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Take Five with Ryan Slatko

Ryan Slatko By

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About Ryan Slatko
Ryan Slatko's musical journey began with his father who played guitar and introduced him to jazz/fusion artists like Pat Metheny, Chick Corea and Weather Report; and to progressive rock greats such as Genesis, Kansas, Rush, Yes, and Emerson Lake and Palmer. Slatko took up drums at 11 years old, also taking an interest in piano at 13 and eventually switching focus entirely to the latter.

Slatko earned his bachelor's degree at the University of North Florida, studying under the critically acclaimed pianist Lynne Arriale. In Fall 2015, Ryan moved to New York to join the diverse music scene and to earn his master's degree at New York University. Slatko has had the privilege of studying under great artists like Don Friedman, Alan Broadbent, Ari Hoenig, Gil Goldstein, Taylor Eigsti and Kenny Werner.

Slatko's achievements include placing 3rd in the 2014 Jacksonville Jazz Piano Competition, and making the semifinals for the American Jazz Pianist Competition two years in a row. His debut album First Impressions features Grammy-nominated drummer and producer, Ulysses Owens, Jr. Slatko has also performed or recorded with Rich Perry, Alex Sipiagin, Chris Potter, Tom Scott, Linda Oh, Adam Rogers, Randy Brecker, Ari Hoenig and many more. He was the musical director for Lights Out, a play with song about Nat King Cole in which he worked with the likes of Patricia MacGregor, Colman Domingo, Dulé Hill and Daniel J. Watts. Having formerly been a drummer, Ryan brings a strong rhythmic concept to everything he does, whether it be his often percussive approach to piano playing or his inventive arrangements and compositions.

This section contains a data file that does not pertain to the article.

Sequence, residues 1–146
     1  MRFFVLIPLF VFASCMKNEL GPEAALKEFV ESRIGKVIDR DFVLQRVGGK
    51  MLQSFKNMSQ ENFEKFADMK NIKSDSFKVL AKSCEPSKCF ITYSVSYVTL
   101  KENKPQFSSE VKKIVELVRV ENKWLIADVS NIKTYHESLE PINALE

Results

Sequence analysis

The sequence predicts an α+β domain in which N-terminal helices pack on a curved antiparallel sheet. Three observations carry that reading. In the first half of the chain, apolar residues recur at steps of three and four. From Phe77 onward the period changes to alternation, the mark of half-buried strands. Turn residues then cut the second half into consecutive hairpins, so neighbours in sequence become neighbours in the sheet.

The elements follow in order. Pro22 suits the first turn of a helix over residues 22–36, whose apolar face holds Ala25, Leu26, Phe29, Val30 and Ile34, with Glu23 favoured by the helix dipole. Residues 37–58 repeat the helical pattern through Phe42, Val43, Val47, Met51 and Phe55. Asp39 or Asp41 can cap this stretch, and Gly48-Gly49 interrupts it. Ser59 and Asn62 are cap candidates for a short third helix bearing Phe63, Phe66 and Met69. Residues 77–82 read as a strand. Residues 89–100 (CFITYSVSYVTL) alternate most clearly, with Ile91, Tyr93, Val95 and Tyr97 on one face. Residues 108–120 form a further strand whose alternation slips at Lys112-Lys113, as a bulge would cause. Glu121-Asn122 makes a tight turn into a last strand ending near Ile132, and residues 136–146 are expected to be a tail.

Instrument(s):
Piano

Teachers and/or influences?
I studied under Lynne Arriale at University of North Florida for four years. She played a major role in shaping me into the musician I am today, as she had a very direct and honest teaching approach. Like any great teacher, she was more concerned with making you a better musician than protecting your ego. Studying with her there was always a lot of emphasis on melodicism, phrasing, and solo piano.

One of my greatest mentors at NYU was Ari Hoenig, with whom I studied for about a year. In addition to being someone who I've looked up to for a while, he's a terrific educator, and really deepened my understanding of different rhythms. I also learned a lot about how to play well with drummers, something that I feel separates the men from the boys.

My earliest influences include Chick Corea, Lyle Mays, Bill Evans, Oscar Peterson, and Herbie of course. Later on I got big into Taylor Eigsti, Geoff Keezer, Brad Mehldau, Phineas Newborn, Jr.... the list goes on forever, there's not many artists I don't like, and these are just pianists!

I knew I wanted to be a musician when...
I was in my high school jazz band, back when I still played drums. It dawned on me one day that people play music for a living and for me it was a kind of eureka moment. I realized that it was possible for me to do what I love for a living, to be happy to work each day and be able to put food on the table. Of course I realized from the get go that I'd have to be really good at music to make this happen, and that has always been something that drives me to be greater.